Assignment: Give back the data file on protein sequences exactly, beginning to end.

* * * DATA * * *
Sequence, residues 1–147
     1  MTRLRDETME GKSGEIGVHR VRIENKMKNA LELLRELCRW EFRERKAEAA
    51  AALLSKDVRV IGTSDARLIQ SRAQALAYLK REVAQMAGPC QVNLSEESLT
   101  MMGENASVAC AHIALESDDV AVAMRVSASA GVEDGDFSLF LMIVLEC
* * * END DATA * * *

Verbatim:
Sequence, residues 1–147
     1  MTRLRDETME GKSGEIGVHR VRIENKMKNA LELLRELCRW EFRERKAEAA
    51  AALLSKDVRV IGTSDARLIQ SRAQALAYLK REVAQMAGPC QVNLSEESLT
   101  MMGENASVAC AHIALESDDV AVAMRVSASA GVEDGDFSLF LMIVLEC